Skip to main content

Graduate College welcomes new cohort of dean’s fellows

Four graduate students have been awarded the Dean’s Graduate Fellowship for the 2020-21 academic year. The Graduate College fellowship program, first created in 2016, is designed to assist graduate programs in the recruitment of domestic students who have shown a commitment to inclusivity, social justice and equality, as well as an ability to overcome obstacles and adversity to achieve academic success.

“We are so pleased to welcome this year’s dean’s fellows to our graduate community,” said Tammi Vacha-Haase, dean of the Graduate College. “During these changing times, it is vital to create and support opportunities for graduate students to pursue their professional careers and continue to move graduate education forward.”

This year’s cohort of fellows includes Nic Hunt, a kinesiology master’s student; Lauren Herzberg, an education, literacy master’s student; MarGhece Barnes; a mathematics master’s student; and Jazlyn Olmedo, an organizational performance and workplace learning master’s student.

In compliance with Idaho House Bill 440, the fellowship program helps to incorporate diverse identities and experiences into Boise State’s graduate student body, while also providing fellowship recipients with opportunities to pursue advanced degrees. The fellowship supports the student by providing a mentored, paid work experience and also includes payment of tuition and health insurance.

Top Row: Jazlyn Olmedo, (OPWL, MS) – New Dean’s Fellow; Tammi Vacha-Haase, Dean of the Graduate College; Noah Szajowitz (History, MA) – Past Dean’s Fellow; Middle Row: Daniela Gomez (Anthropology, MA) – Past Dean’s Fellow; Carlos Garcia Linares (Ecology, Evolution, and Behavior PhD) – Past Dean’s Fellow; Lauren Herzberg (Education, Literacy, MA) – New Dean’s Fellow Bottom Row: David Beams (Visual Arts, MFA) – Past Dean’s Fellow; Scott Lowe, Associate Dean of the Graduate College

“Before receiving the Dean’s Fellowship, I was not confident that I would be able to continue furthering my education beyond my bachelor’s degree,” said Olmedo. “I come from a family where I was first to attend and finish college – in other words, I am a first generation student. With the dean’s fellowship, this not only removes the financial barriers that were existing that prevented me from being able to pursue my master’s, but also gives me the opportunity to continue to work with Boise State and continue as a student leader, which I am proud and more than happy to do.”

Olmedo currently is applying her graduate research toward an entrepreneurial endeavor at a local Idaho cosmetics startup.

“The company I work for has been growing rapidly and the demand for organization structure and design has risen, allowing me to use this education to our company’s benefit,” Olmedo explained. “The research I am currently working on is with Dr. Vicki Stieha on an action research project engaging underrepresented STEM students in designing welcoming communities.”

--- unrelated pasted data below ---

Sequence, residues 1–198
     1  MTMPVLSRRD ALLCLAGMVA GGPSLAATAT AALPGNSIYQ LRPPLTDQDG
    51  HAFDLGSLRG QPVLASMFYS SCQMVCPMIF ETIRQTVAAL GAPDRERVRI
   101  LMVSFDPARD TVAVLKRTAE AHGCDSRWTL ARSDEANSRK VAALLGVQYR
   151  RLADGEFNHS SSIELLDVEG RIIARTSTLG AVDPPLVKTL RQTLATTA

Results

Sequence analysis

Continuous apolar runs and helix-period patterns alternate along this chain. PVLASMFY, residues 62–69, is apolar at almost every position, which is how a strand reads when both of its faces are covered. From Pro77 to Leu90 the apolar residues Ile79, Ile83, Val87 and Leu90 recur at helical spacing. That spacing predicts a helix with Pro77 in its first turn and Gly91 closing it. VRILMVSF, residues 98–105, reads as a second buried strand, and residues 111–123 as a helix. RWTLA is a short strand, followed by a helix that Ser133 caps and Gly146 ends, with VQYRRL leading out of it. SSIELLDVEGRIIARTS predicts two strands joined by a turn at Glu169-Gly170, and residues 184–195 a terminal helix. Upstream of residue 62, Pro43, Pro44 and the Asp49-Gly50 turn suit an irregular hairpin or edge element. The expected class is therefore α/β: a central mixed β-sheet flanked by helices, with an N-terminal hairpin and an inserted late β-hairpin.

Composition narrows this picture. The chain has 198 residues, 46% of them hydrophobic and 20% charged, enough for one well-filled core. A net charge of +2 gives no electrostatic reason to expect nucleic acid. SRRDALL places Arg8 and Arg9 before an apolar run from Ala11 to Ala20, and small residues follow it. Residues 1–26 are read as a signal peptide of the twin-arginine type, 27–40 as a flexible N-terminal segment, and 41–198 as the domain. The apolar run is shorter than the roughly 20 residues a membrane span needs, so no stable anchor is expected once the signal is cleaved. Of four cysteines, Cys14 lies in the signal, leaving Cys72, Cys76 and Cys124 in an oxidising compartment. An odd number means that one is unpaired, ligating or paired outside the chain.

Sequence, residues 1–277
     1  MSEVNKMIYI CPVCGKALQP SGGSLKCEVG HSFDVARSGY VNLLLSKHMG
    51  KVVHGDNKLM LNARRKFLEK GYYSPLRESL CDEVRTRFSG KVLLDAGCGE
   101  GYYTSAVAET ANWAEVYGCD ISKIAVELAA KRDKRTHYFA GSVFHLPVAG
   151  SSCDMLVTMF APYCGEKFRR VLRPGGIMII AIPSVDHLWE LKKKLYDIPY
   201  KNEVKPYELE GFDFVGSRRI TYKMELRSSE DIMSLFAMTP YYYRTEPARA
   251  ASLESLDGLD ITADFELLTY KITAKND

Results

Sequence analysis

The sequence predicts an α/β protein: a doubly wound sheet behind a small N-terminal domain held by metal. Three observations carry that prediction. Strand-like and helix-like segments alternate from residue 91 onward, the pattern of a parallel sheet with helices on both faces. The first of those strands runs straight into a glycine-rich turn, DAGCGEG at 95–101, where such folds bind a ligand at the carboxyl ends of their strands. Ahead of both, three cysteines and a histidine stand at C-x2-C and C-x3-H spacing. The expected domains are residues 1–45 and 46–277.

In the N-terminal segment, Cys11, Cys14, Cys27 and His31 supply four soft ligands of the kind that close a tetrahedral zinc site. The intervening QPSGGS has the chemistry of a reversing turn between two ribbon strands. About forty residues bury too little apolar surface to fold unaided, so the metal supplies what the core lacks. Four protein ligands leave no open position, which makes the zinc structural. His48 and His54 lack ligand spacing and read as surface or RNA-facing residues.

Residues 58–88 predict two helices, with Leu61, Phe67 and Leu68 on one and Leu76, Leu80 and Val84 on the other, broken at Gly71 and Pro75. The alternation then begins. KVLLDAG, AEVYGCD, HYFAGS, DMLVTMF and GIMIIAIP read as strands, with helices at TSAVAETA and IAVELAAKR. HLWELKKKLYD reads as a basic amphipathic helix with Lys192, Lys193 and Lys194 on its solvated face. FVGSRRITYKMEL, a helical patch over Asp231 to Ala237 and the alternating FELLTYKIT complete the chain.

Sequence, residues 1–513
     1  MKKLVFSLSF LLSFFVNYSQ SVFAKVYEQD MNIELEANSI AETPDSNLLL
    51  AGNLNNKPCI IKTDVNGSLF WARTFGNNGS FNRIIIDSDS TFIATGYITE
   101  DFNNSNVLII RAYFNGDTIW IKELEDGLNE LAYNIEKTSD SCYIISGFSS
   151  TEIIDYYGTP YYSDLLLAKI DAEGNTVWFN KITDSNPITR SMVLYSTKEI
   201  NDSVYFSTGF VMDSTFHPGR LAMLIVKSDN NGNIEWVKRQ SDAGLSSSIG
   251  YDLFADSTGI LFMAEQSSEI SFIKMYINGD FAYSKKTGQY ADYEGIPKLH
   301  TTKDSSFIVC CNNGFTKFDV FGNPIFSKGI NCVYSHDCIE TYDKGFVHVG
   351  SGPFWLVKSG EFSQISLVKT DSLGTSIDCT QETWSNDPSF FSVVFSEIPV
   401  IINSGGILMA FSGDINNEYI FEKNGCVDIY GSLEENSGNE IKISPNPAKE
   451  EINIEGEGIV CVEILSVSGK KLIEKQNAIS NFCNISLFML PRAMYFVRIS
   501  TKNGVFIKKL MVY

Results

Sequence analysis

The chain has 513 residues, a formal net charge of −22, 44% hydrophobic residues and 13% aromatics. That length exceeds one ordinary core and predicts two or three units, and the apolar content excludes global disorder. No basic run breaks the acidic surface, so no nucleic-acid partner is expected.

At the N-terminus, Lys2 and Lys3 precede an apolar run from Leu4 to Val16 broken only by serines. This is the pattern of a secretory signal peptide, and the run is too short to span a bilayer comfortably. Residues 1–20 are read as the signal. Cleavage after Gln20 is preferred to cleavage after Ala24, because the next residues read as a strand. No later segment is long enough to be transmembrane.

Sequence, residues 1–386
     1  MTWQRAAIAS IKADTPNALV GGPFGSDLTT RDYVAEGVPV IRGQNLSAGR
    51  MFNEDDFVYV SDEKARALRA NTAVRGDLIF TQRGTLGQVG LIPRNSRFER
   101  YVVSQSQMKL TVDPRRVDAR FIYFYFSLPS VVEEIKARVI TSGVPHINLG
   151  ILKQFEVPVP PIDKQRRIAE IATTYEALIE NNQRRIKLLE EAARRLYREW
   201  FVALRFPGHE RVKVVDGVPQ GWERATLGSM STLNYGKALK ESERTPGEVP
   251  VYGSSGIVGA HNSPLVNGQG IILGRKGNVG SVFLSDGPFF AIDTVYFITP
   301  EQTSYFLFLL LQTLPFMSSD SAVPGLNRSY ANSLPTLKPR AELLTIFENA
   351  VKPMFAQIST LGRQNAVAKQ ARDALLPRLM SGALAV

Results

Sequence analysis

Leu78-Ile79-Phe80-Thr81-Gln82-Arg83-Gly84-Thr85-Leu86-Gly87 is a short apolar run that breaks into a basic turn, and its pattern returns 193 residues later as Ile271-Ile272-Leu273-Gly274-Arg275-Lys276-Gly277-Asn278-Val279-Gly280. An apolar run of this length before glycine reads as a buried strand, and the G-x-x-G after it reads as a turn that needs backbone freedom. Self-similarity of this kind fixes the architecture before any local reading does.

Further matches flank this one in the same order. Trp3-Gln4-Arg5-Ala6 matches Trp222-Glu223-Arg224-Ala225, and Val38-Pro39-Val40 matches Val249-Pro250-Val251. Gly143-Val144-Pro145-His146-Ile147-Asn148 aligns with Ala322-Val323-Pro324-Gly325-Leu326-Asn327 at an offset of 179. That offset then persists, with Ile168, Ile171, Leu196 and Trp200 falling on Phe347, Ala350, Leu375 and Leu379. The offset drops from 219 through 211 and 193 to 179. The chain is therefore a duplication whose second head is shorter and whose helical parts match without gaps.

In addition to financial support, the Dean’s Graduate Fellowship enables recipients to work closely with award-winning faculty and create networking relationships for future careers.

Hunt’s research includes working with Tyler Brown, assistant professor of kinesiology and the co-director of the Center for Orthopaedic and Biomechanics Research. Their research looks at musculoskeletal adaptation in knee stability between younger and older adults. In collaboration with faculty and graduate students in the mechanical engineering department, Hunt has had the opportunity to work with and supervise undergraduate students throughout the research process.

“The dean’s fellowship allows me to focus more on my studies and developing professional skills I can use in the future,” said Hunt. “I believe developing deeper connections with other exceptional students and faculty is a major part of graduate school and I look forward to taking advantage of this opportunity over the next couple years.”

The fellowship’s networking components are also a key benefit for Herzberg, who noted the advantage of being able to focus on her graduate scholarship.

“I feel that this fellowship really helped me fully immerse myself into the degree I am pursuing. I am in literacy, education and my goal was to get more strategies for working with ELL [English-language learners] students when teaching them how to read and write,” said Herzberg.

“I am learning about new assessment tools and teaching strategies through the fellowship. I am working with other teachers and can bounce ideas off of them. On top of that I am learning so much about second language acquisition and literacy theories in my online courses,” said Herzberg.

The Dean’s Graduate Fellowship is awarded to departments annually. The call for proposals for awards for the 2021-22 academic year is now open. Departments can learn more here.